Showbusiness Is Certainly... Showy

Pineapple Dance Studios needs a follow-up like Louie Spence needs a confidence boost, lizard skin tap shoes and a teach yourself to lisp app. Regardless, last night Sky1 shoved a sequel into its schedule. Like its precursor, Louie Spence’s Showbusiness is basically a shrieky, flat Little Britain sketch that never ends. Its stars regale us with their flair, low v-necks and devotion to insane sentence structure. Showbusiness should ring alarm bells for anyone thinking they might abandon their supermarket checkout gig for a career as a delusional fame-seeker. Only, it won’t.

Louie welcomed us to his new show by spewing bons nots with a woolly, auburn merkin (“a disguise!”) perched on the side of his head. I watched on, albeit significantly less gripped than Spense’s wig, as the artistic director and Laura his PA relocated to a posh new head office where tap water in tall foggy bottles is free.

Later, somewhere else, we learned that a ropey David Beckham double is moving in with a woman who looks a bit like Marilyn Monroe. Having avoided all but a taster DVD of the original Pineapple programme, I’m not sure whether these two are series regulars or fresh screen meat. I suspect they’ve been drafted in to more comprehensively illustrate that, for the wannabe majority, low level showbiz is only marginally more glamorous than stubbing your toe on Mick Hunknall. Anyhow, Dave and Mazza are part of a celebrity lookalike troupe who occasionally get to feed off the foot scrapings of real famous people. But they’re gloriously dim and so delighted with their mouldy sliver of pseudo stardom. Good for them.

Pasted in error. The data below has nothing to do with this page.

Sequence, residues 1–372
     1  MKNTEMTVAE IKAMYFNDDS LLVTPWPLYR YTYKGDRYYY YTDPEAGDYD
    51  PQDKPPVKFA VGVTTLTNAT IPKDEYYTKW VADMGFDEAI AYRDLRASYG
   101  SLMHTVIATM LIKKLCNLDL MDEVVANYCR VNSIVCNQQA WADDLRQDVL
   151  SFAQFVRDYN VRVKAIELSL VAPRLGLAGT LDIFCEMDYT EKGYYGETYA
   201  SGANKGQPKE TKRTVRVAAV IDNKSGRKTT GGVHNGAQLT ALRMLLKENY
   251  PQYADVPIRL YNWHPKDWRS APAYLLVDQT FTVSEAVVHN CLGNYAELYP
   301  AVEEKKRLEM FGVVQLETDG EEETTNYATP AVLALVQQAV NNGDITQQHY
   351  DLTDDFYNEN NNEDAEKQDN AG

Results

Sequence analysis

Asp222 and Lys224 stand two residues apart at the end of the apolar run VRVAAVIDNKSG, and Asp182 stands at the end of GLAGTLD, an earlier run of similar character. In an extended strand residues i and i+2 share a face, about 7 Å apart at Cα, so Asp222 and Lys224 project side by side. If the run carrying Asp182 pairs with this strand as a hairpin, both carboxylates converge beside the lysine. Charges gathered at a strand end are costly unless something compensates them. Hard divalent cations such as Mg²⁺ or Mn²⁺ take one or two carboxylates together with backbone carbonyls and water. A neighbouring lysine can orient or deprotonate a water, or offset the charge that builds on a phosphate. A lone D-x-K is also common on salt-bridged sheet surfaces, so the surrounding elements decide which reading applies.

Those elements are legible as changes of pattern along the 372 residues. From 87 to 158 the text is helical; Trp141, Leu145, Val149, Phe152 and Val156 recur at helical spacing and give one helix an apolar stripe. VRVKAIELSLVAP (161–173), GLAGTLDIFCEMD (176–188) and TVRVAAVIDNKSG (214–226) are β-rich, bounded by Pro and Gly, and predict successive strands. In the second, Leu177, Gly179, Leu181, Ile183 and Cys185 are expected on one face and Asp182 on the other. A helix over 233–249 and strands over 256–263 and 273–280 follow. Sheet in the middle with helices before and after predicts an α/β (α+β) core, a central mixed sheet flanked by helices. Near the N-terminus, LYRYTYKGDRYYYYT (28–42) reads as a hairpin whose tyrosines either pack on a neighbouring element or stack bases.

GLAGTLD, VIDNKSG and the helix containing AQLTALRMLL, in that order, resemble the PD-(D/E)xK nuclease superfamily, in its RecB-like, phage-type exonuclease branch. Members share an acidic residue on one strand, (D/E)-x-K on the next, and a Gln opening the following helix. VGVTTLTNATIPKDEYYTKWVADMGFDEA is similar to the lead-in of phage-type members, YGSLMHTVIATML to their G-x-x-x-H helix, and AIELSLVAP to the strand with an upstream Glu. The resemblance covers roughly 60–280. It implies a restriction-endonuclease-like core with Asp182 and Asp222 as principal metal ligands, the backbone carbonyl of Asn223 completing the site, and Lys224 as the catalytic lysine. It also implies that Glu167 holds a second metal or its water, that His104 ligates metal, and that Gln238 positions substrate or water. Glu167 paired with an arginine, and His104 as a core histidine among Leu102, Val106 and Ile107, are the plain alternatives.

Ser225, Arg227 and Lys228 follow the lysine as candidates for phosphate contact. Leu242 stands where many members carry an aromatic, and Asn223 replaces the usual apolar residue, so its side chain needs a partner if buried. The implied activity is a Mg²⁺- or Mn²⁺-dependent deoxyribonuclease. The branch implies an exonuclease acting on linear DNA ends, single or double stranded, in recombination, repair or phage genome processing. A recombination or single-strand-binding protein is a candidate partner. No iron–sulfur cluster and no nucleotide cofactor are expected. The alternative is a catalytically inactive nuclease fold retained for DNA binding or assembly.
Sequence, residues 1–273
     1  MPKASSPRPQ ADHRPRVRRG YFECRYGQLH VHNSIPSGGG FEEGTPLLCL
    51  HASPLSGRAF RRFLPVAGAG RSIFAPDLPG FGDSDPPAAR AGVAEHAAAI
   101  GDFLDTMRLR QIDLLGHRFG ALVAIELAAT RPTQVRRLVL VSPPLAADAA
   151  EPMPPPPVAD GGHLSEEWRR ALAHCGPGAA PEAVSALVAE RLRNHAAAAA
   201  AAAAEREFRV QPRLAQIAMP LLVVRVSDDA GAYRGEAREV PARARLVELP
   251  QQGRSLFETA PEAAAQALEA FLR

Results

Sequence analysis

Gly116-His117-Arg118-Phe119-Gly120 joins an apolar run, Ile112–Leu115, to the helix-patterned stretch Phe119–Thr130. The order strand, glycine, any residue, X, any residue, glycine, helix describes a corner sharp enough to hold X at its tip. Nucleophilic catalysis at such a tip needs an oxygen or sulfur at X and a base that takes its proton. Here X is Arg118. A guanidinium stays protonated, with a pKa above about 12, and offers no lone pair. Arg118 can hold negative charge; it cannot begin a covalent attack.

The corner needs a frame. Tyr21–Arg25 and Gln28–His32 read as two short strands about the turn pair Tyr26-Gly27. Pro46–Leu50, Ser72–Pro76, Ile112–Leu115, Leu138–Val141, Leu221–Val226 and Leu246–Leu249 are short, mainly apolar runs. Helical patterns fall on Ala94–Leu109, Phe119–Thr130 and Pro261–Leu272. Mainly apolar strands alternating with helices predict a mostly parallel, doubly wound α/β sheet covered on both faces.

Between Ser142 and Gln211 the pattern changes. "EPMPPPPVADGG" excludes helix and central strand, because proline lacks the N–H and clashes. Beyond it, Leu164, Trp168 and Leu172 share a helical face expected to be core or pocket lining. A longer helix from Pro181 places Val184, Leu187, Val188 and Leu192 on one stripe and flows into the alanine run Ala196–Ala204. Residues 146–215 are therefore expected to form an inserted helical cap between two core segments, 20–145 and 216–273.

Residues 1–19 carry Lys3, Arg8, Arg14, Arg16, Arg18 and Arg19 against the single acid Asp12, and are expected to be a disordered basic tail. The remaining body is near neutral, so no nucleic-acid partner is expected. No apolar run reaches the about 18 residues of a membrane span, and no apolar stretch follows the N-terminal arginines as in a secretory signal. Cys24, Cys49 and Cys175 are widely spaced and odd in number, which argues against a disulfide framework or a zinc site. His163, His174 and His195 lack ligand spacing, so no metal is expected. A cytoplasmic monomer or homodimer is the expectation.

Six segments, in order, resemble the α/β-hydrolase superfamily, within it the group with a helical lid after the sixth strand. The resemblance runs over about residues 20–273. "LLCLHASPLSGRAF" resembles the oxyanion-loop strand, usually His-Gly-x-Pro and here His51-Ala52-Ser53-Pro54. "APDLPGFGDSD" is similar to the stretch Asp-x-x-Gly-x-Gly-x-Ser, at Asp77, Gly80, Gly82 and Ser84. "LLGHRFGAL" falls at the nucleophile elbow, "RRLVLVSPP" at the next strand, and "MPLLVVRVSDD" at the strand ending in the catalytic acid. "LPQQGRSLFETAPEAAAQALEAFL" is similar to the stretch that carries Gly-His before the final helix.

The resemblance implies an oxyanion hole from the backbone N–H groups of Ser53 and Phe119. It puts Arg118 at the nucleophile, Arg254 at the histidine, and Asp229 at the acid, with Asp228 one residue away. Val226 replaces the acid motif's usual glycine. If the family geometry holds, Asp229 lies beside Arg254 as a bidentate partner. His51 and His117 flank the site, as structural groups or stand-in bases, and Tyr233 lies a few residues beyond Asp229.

Next, we meet out of work thespian Michael Heywood, who’s about to be evicted from his grubby flat. A killjoy behind the camera asks him why he persists with the acting. Michael says something unconvincing but before he can follow it up the bailiffs arrive. It’s a dark moment and the episode’s only transfixing few seconds.

Meanwhile, Andrew Stone, Pineapple’s excitable dance teacher and lead singer of Starman, is enamoured with his own success, even though the band is yet to sign a recording contract. “We’re playing after Scouting For Girls, Lee Ryan and Craig David!” he yips to no one in particular as they’re minibussed to Party in the Park.

As more and more super-sized egos sashayed on screen, I withered, winced and wondered whether I should call an ambulance for narrator Michael Burke. He must have slit his wrists by now, surely.

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